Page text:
Ebola is a contagious viral disease that attacks the digestive system from the mouth to anus, the kidneys, the circulatory system, the liver and in less severe degree the skin, eyes, nose and ears, resulting in multiple organ failure.
The disease is 40-60% lethal with treatment and near 100% lethal without treatment. It appears to be a new disease, at least among humans, discovered first in areas of Zaire in 1976. Up to now there has been several outbreaks of the disease, most of them in restricted areas in Western Africa. Around 1850 persons have been attacked by mid 2014, of which 1200 died.
The disease is caused by a group of several similar viruses, called Ebolavirus, in the family Filoviridae of the order Mononegavirales. The viruses are shaped like tubes, sometimes branched tubes, and use single-stranded RNA as material for genetic coding. Therefore the infected cells are commanded to make a corresponding DNA copy by means of the enzyme reverse transcriptase. The DNA copy is used by the infected cell for the production of viral protein and new viral RNA.
The virus spreads from person to person by exchange of blood, corporeal fluids and other materials from the body. It can also spread with animals that transmit body material through biting, for example by fruit bats. The virus does not spread easily through air at a long distance from one human to another. It is however very contagious by close human contact, and medical personal will be in great danger without using unpermeable clothes and filtration of the air they breath.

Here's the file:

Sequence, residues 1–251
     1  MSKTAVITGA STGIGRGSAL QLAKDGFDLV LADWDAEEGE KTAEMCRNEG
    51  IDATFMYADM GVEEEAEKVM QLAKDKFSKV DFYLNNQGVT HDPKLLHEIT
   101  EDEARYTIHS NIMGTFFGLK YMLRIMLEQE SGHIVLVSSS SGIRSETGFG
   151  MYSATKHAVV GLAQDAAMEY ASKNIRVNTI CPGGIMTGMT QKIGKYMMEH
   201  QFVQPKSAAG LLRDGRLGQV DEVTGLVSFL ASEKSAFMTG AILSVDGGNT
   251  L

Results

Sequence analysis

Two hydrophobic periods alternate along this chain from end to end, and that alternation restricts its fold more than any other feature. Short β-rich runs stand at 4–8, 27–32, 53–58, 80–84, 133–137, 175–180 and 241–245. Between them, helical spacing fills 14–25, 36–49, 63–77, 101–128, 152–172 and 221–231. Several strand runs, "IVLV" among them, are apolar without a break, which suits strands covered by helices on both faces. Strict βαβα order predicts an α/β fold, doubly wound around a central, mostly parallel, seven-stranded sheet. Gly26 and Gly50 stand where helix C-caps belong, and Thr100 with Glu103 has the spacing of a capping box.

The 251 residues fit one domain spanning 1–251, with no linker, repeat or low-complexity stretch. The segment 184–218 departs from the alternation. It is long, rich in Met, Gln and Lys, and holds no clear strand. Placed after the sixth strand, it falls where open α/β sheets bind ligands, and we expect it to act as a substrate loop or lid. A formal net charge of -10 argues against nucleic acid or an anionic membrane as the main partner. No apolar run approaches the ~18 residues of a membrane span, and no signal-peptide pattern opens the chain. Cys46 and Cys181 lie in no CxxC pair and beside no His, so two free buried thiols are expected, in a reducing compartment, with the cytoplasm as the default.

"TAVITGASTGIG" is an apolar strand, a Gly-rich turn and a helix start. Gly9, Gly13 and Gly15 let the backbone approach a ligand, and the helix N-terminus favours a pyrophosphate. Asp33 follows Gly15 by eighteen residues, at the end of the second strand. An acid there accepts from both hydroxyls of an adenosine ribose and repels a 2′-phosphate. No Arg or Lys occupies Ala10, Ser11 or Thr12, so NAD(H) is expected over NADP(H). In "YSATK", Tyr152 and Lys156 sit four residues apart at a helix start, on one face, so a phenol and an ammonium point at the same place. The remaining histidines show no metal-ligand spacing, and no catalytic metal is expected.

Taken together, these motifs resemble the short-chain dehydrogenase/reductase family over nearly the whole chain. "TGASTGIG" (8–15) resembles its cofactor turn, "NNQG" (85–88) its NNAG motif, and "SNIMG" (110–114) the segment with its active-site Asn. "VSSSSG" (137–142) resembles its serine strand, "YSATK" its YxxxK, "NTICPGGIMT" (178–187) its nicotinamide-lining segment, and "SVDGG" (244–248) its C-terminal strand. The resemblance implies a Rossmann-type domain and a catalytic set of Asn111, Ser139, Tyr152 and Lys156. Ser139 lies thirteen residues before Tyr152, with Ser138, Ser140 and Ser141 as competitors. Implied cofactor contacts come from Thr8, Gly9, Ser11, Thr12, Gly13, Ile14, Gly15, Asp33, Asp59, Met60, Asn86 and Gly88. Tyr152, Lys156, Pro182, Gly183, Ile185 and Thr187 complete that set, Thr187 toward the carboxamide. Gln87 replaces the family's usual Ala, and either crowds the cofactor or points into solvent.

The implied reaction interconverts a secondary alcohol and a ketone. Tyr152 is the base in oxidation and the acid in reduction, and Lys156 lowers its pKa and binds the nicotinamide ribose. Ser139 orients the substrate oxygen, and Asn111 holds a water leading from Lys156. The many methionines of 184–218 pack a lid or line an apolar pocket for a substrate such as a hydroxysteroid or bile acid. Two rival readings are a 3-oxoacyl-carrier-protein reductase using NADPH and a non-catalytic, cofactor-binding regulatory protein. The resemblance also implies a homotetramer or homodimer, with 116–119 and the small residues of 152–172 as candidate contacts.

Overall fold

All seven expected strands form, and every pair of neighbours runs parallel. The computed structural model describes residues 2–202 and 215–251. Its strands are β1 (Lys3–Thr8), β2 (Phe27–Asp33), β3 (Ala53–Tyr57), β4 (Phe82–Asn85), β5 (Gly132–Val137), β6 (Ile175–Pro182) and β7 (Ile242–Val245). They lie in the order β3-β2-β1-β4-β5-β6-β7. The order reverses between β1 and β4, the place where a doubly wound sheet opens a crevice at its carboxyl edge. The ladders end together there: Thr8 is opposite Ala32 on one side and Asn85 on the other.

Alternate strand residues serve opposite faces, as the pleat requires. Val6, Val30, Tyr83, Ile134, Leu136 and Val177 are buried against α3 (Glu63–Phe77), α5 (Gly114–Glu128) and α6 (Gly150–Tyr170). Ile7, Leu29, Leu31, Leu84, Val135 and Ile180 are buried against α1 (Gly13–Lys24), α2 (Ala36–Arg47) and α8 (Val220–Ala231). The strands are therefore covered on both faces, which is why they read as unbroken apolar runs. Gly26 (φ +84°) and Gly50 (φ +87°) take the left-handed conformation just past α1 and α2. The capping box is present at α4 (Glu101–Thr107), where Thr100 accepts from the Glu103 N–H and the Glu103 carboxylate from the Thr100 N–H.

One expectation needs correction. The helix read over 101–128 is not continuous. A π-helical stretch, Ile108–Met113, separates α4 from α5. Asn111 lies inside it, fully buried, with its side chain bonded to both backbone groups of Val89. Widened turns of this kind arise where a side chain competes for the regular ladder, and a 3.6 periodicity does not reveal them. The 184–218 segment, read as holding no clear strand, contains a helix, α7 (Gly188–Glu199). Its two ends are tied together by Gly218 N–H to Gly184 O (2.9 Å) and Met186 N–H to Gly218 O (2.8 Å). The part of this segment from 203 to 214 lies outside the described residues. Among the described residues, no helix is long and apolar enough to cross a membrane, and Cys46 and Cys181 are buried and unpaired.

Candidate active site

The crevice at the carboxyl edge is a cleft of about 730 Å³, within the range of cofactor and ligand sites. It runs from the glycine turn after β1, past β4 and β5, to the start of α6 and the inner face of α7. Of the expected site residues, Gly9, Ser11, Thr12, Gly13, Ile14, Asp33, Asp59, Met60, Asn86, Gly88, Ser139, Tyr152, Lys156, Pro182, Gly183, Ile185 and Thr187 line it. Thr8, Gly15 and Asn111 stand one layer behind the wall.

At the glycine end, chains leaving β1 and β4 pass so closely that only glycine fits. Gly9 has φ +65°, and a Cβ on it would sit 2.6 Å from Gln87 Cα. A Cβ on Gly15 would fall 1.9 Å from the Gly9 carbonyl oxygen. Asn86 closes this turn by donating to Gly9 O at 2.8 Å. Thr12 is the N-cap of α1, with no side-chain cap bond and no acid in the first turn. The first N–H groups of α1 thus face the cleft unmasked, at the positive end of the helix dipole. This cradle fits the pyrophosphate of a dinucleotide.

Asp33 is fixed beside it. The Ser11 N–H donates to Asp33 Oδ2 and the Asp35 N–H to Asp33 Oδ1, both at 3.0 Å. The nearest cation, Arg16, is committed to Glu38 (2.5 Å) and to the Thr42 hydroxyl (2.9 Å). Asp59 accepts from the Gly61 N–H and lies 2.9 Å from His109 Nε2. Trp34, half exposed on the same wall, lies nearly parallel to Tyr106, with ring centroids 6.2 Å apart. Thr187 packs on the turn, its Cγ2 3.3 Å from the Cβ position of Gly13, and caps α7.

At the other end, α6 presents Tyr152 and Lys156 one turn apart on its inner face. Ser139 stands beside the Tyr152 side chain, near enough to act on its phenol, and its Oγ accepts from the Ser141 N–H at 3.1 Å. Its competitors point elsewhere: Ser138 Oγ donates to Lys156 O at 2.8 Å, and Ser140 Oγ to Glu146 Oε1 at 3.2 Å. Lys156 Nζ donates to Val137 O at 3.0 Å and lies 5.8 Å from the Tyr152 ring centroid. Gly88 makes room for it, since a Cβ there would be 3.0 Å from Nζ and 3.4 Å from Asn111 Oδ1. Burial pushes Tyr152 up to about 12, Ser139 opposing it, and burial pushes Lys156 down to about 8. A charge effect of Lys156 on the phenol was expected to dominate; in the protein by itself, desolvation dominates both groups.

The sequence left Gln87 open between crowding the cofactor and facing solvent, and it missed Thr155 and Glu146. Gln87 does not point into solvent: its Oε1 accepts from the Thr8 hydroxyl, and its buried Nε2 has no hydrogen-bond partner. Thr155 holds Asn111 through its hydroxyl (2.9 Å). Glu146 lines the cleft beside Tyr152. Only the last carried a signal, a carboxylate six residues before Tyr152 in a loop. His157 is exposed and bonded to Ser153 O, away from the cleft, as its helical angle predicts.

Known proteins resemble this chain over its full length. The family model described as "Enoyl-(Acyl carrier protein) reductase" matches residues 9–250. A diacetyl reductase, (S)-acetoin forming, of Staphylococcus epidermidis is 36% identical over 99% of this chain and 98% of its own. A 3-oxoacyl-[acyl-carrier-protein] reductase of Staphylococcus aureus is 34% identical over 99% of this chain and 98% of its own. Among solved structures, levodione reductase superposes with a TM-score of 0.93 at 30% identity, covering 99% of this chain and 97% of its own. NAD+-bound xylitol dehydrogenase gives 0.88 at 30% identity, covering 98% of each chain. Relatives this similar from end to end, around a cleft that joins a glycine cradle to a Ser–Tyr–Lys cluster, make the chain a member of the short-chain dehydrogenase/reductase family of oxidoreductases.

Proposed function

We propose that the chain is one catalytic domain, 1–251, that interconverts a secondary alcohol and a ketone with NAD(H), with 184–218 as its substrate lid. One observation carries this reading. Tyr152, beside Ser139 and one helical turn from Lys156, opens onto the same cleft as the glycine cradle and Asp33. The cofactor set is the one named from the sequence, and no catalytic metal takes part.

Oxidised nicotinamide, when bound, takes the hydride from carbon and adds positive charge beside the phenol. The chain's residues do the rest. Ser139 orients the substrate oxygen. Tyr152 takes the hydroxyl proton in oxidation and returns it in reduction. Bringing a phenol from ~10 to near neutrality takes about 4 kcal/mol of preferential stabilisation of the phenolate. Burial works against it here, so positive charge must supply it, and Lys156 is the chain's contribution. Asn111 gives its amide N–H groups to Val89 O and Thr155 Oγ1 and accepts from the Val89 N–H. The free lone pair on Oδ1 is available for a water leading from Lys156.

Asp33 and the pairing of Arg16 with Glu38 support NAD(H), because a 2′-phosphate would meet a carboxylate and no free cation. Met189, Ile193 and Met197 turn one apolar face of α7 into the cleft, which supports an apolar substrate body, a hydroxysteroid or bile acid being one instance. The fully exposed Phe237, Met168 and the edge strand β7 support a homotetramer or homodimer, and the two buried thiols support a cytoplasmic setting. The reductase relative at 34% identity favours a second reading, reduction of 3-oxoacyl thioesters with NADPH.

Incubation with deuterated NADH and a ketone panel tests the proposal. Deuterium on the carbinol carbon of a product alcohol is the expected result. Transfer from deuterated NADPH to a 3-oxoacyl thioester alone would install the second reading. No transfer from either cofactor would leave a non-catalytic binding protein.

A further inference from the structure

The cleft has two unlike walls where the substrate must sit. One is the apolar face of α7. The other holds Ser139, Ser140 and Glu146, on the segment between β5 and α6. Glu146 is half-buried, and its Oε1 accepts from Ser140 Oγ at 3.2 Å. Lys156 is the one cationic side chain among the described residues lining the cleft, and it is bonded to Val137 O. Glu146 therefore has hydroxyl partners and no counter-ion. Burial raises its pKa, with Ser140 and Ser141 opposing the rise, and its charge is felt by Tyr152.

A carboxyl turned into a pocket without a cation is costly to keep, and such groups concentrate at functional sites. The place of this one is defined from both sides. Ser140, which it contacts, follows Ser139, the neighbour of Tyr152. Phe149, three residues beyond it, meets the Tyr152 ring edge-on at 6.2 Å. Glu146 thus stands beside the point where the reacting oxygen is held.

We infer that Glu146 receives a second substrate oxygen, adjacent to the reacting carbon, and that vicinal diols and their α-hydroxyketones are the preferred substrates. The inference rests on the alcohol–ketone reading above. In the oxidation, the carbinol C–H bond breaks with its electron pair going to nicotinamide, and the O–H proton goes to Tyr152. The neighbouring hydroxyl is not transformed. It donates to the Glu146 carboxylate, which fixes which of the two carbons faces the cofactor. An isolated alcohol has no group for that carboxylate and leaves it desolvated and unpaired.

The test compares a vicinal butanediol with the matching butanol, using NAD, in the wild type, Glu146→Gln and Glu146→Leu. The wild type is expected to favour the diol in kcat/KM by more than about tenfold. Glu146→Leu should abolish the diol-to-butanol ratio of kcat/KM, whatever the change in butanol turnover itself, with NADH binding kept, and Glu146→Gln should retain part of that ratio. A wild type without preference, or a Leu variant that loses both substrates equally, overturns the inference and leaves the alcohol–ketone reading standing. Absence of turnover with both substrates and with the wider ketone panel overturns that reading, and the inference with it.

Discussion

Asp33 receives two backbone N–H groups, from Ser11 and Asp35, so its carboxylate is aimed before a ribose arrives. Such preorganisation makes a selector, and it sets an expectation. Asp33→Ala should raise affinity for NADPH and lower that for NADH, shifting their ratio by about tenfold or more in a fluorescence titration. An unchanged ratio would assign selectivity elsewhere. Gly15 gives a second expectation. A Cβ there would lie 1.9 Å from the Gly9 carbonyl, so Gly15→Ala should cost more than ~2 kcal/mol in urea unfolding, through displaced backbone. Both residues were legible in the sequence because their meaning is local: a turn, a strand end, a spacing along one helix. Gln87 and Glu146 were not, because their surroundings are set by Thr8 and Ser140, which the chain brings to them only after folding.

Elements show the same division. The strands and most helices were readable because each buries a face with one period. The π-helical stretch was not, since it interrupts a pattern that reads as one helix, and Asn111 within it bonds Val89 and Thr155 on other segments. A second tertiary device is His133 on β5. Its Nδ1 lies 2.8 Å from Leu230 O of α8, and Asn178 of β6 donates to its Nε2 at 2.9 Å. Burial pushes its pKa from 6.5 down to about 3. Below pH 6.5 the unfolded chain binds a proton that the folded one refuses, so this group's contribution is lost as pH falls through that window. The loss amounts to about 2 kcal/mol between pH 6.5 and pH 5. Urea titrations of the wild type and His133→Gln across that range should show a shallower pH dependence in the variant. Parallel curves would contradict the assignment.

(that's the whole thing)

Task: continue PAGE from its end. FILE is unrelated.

An epidemic usually begins when a human comes in touch with body fluids, body parts or body products like feces or urine from an infected animal, or is bitten by an infected animal, most commonly a monkey, a chimp, a pig or a fruit bat. The disease seems to be permanently present in populations of these animals without making the animals severely ill.
During epidemies in 2014 the disease has spread more rapidly out of traditional restricted zones to wider areas in Western Africa. This might indicate new strains of the virus capable of more rapid transmission or a spread of animals that carry the virus.
The incubation period varies from two days to three weeks. In that period the disease is little contagious. The disease then suddenly begins with high fever, sore throat, lethargy, muscle and joint ache and severe headache.
Later there will be nausea, stomach pain, diarrhea, vomiting, swallowing problems and elevated rashes. The function of the liver, kidneys and circulatory system can suffer gravely due to tissue death, inner bleeding, blood coagulation, and disturbances in the distribution of body fluids. The blood pressure can fall dangerously. Patient will often bleed from the eyes. Also tissue destruction and bleeding inside the skin can occur.
In severe cases near death more extensive tissue destruction inside body cavities can occur, resulting in bleeding from the ears, the nose, in the mouth and through the rectum. The death is caused by simultaneous failure of several organs. As the disease proceed, it results in severe weight loss and weakness, and the reconvalescent period is long.
Early symptoms of the disease can resemble many other feverish diseases with bleedings, like typhoid or malaria. For a secure diagnosis one tests immunological reactions and the presence of enzymes linked to the viral infection in blood samples.
There is no vaccine and no treatment directly against the viral infection as by 2014, but vaccines are being developed. Treatment consists of supporting the body with oxygen, fluid, electrolytes, nourishment, circulation support, blood transfusion and other types of support as long as the infection is active and in the reconvalescent period.
Infected patients are isolated and populations that house infected individuals are also isolated by restriction entering and leaving the afflicted area. Medical personal and support staff that go near to the patients use unpermeable clothes around themselves and all the air they breath is filtered. In advanced treatment settings, the patient is shielded from the surroundings with unpenetrable barriers and air filters.